Opener ‘Candy Shoppe’ is every bit as mouth-watering as its name suggests, with John Elliot and Steve Hauschildt’s lapping synth arpeggios recalling Steve Reich and Philip Glass as much as any kosmische tinker, and Mark McGuire’s rising guitar lead risking and ultimately overriding 90s post-rock connotations in its unabashed quest to tug the heart-strings. ‘Double Helix’ is absolutely devastating – the lilt on McGuire’s playing here somewhere between Manuel Goettsching and witchy British folk – while ‘Goes By’ and ‘Access Granted’ come over like a space-age Vini Reilly. Emeralds have achieved that alchemical point that most bands only dream of, where at key moments the contributions of each member are inseparable, where synths, guitars and field recordings become indistinguishable; indeed, you soon lose track not only of who’s playing what, but what time it is, where you are, who you are. That’s psychedelia.

It’s not all plain sailing though: the title track, no doubt devastating when rendered live, comes across as proggy stodge on record, and ‘Summerdata’ and ‘Science Center’, though beautifully rendered, fail to distinguish themselves compositionally from the plethora of wiggy synth music flooding our lives right now. But the album’s closing sequence assures this record its modern classic status. ‘It Doesn’t Arrive’ is like dub-techno shorn of its bass and cast out into the woods, and ‘Now You See Me’ sees McGuire unleash his prettiest, most plangent ever riff as Hauschilt and Elliot coax liquid rainbows from their machines. Unbearable bliss.


‘Shut It Down’ (feat. The-Dream)

If 2010 had one theme, it was, as Kanye West once put it, to drive slow. US hip-hop, R’n'B and indie alike decided this was the year to pay tribute to Houston’s chopped and screwed legacy, but few did it as subtly and satisfyingly as Drake. Thank Me Later has its thrilling high-points – there were few musical moments as stirring this year as the intro to ‘Over’, for example – but mostly, listening to this long-awaited debut album was like wading through a swamp of cocaine-numbed confusion (“bout to roll me up a blunt with my list of regrets”, anyone?).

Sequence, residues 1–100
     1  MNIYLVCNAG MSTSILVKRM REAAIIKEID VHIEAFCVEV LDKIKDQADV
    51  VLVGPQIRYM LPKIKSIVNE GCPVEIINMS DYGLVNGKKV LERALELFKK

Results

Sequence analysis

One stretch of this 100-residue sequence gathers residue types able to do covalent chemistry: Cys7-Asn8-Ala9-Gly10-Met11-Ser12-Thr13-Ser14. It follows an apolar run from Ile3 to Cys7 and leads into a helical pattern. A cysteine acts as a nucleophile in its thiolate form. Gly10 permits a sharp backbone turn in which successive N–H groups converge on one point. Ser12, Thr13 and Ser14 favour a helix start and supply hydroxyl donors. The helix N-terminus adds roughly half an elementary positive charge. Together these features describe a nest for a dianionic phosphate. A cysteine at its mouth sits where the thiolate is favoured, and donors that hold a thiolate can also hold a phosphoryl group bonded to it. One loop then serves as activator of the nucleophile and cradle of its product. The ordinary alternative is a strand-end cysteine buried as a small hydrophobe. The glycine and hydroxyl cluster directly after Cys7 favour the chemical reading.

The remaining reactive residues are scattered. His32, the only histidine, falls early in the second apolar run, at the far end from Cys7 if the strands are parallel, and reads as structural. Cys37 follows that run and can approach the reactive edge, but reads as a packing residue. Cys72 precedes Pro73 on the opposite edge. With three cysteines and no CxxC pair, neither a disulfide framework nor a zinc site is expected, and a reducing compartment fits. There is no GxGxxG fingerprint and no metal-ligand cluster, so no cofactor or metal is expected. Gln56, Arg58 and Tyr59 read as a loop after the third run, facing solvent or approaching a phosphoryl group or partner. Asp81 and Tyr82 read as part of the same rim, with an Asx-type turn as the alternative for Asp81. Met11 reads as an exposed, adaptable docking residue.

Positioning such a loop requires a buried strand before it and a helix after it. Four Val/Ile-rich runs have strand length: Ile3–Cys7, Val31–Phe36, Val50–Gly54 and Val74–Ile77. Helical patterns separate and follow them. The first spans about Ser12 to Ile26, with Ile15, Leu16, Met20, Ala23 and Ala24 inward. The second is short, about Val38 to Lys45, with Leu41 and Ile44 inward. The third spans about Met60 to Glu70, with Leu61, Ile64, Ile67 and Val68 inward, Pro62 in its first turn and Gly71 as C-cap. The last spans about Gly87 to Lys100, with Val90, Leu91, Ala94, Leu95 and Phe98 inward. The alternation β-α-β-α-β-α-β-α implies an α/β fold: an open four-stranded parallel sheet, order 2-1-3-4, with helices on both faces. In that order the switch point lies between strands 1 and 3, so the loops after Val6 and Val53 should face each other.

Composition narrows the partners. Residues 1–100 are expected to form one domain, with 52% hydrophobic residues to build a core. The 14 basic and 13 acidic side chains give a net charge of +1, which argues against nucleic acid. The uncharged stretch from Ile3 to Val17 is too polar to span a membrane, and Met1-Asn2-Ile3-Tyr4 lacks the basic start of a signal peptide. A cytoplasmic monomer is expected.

‘Cece’s Interlude’ and ‘The Resistance’ are contradictions murmured while slipping in and out of a lucid dream, while the record’s seven minute centrepiece, ‘Shut It Down’, is one of the greatest slow jams that The-Dream’s ever been involved in. For the song’s epilogue, Drake mutters a complete reversal of its first verse, using the same lines he’d previously used to prep-talk the song’s subject to try and force her into bed. He tortures himself for his indecision throughout this record, and that’s what makes Drake such a perfect figurehead for modern day hip-hop, and Thank Me Later the natural successor to – and, we’d argue, step up from – 808s and Heartbreak.